I looked at Columbus and its peers and Midwest counterparts to see where it ranked in terms of police presence within the city limits. Here is what I found.

Total Law Enforcement Officers, 2012
Chicago, IL: 12,766
Las Vegas, NV: 4,814
Jacksonville, FL: 2,972
Detroit, MI: 2,883
San Antonio, TX: 2,883
Milwaukee, WI: 2,577
Austin, TX: 2,252
Charlotte, NC: 2,196
Columbus: 2,138
Kansas City, MO: 1,869
St. Louis, MO: 1,866
Indianapolis, IN: 1,813
Cleveland: 1,709
Nashville, TN: 1,637
San Jose, CA: 1,435
Portland, OR: 1,195
Cincinnati: 1,113
Minneapolis, MN: 983
Virginia Beach, VA: 955
Pittsburgh, PA: 947
Omaha, NE: 943
Orlando, FL: 931
Sacramento, CA: 861
Wichita, KS: 821
Toledo: 674
Madison, WI: 555
Providence, RI: 517
Akron: 461
Dayton: 415
Youngstown: 196
Canton: 163

Law Enforcement per 10,000 Residents, 2012
1. St. Louis: 58.6
2. Chicago: 47.1
3. Cleveland: 43.4
4. Milwaukee: 43.0
5. Detroit: 40.8
6. Kansas City: 40.3
7. Orlando: 37.8
8. Cincinnati: 37.6
9. Jacksonville: 35.4
10. Las Vegas: 32.5
11. Pittsburgh: 30.3
12. Youngstown: 29.4
13. Dayton: 29.2
14. Providence: 29.1
15. Charlotte: 27.2
16. Austin: 27.0
17. Columbus: 26.8
18. Nashville: 26.4
19. Minneapolis: 25.2
20. Toledo: 23.6
21. Madison: 23.4
22. Akron: 23.2
23. Omaha: 22.6
24. Canton: 22.4
25. Indianapolis: 21.6
26. Virginia Beach: 21.3
27. Wichita: 21.2
28. San Antonio: 20.9
29. Portland: 20.0
30. Sacramento: 18.1
31. San Jose: 14.7

So now that we know the size of the police force in these places, does the size have a correlation to crime rates?

Here is the violent crime rate for the same year as these stats, 2012. The rank for police force per 10K people is listed beside the violent crime ranking.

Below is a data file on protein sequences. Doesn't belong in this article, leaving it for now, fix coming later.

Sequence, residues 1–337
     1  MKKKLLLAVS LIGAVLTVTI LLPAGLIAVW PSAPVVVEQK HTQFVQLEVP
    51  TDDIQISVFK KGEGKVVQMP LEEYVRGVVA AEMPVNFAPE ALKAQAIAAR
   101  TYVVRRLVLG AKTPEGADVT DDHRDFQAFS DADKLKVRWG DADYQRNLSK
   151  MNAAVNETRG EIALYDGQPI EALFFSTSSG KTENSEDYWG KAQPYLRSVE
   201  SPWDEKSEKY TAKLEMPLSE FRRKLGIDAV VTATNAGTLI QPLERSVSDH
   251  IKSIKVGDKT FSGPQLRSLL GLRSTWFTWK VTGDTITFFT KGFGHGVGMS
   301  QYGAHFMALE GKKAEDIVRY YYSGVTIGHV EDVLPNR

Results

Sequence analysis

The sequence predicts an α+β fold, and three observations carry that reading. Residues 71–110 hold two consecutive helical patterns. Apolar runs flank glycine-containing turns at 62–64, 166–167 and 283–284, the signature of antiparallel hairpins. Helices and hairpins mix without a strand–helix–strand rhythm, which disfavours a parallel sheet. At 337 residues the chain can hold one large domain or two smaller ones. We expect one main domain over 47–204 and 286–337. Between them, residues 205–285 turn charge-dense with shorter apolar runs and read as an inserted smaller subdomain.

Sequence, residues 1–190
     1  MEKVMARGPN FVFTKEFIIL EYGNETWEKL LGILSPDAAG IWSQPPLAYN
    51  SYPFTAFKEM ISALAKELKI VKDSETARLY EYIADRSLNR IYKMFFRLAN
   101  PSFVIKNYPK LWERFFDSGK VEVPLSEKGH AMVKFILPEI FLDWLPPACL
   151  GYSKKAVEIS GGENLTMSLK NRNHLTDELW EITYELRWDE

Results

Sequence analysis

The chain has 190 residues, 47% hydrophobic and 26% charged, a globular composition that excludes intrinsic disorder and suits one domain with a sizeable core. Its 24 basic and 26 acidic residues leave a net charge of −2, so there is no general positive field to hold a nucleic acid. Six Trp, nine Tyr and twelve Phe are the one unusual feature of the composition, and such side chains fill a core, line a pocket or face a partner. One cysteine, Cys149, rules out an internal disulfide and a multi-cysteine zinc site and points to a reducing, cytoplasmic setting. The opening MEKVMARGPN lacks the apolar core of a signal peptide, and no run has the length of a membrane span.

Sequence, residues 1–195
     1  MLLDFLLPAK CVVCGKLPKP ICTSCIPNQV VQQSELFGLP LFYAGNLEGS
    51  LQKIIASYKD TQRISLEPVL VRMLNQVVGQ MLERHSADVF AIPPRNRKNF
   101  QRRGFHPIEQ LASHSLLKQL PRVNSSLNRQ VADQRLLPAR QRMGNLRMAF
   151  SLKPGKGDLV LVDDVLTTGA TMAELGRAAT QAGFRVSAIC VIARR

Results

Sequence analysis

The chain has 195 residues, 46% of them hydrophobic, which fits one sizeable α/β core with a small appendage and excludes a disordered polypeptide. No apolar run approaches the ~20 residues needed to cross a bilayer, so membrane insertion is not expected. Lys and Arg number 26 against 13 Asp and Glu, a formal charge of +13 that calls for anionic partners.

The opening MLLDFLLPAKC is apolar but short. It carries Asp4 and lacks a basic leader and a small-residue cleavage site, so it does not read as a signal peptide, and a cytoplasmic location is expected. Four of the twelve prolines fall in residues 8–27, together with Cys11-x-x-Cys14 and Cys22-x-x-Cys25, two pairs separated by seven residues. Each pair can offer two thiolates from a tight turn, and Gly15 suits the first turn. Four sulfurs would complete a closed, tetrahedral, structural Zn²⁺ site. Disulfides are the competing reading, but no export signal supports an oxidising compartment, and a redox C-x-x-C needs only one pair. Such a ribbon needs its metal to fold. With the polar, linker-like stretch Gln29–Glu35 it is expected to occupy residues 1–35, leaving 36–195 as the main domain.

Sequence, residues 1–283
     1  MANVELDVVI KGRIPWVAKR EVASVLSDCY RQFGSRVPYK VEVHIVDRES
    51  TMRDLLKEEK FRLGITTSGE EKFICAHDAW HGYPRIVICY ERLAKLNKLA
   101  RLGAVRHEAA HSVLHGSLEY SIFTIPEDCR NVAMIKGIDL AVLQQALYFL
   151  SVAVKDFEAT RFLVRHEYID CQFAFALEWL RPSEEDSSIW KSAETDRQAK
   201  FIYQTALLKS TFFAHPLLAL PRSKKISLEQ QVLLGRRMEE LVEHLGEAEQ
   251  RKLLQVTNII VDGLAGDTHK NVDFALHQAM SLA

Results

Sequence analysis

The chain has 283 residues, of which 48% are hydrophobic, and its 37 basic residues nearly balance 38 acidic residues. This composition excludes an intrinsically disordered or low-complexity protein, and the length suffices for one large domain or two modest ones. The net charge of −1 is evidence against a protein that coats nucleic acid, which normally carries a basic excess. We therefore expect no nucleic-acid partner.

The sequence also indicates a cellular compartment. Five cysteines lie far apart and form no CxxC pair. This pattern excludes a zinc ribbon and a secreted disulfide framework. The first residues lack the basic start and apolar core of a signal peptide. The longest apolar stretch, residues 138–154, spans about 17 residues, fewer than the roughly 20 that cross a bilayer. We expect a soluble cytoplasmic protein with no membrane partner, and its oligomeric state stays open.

Violent Crime Rate per 100K People and Law Enforcement Rank per 10K People
1. Detroit: 2,122.9 #5
2. St. Louis: 1,776.5 #1
3. Cleveland: 1,383.8 #3
4. Milwaukee: 1,294.5 #4
5. Kansas City: 1,263.2 #6
6. Nashville: 1,216 #18
7. Indianapolis: 1,185.5 #25
8. Toledo: 1,171.9 #20
9. Orlando: 1,017.4 #7
10. Minneapolis: 992.2 #19
11. Cincinnati: 974.7 #8
12. Dayton: 973.7 #13
13. Akron: 886.6 #22
14. Youngstown: 809.2 #12
15. Las Vegas: 784 #10
16. Pittsburgh: 752 #11
17. Wichita: 742.5 #27
18. Sacramento: 738.6 #30
19. Charlotte: 647.9 #15
20. Providence: 636.9 #14
21. Columbus: 630 #17
22. Jacksonville: 617.3 #9
23. Omaha: 594.5 #23
24. Portland: 517.2 #29
25. San Antonio: 503.1 #28
26. Austin: 408.8 #16
27. Madison: 377.7 #21
28. San Jose: 363.3 #31
29. Virginia Beach: 169.4 #26
30. Canton: 28.6 #24
Chicago: N/A

Based on the ranking above, which cities are getting the best bang for their police force? That would be cities with a larger police force ranking (by at least 2 spots) than violent crime ranking. These would include: Orlando, Cincinnati, Youngstown, Las Vegas, Pittsburgh, Charlotte, Providence, Columbus, Jacksonville, Austin, Madison, Virginia Beach and Canton.

On the opposite end, the cities with failing police levels vs. violent crime include those places with a higher violent crime ranking than police ranking (by at least 2 spots). Those are: Detroit, Nashville, Indianapolis, Toledo, Minneapolis, Akron, Wichita, Sacramento, Portland, San Antonio and San Jose.

Finally, the cities with violent crime ranked about where their police size is include St. Louis, Cleveland, Milwaukee, St. Louis, Kansas City, Dayton and Omaha.

So Columbus is in the best category. Its violent crime ranking is 4 spots lower than its law enforcement ranking size, meaning that police in Columbus are performing better than average. Let’s just hope they’re doing the right, legal thing when policing.

For more information and other cities, large and small, check out this link: http://www.governing.com/topics/public-justice-safety/gov-cities-with-the-greatest-police-presence-most-officers-per-capita.html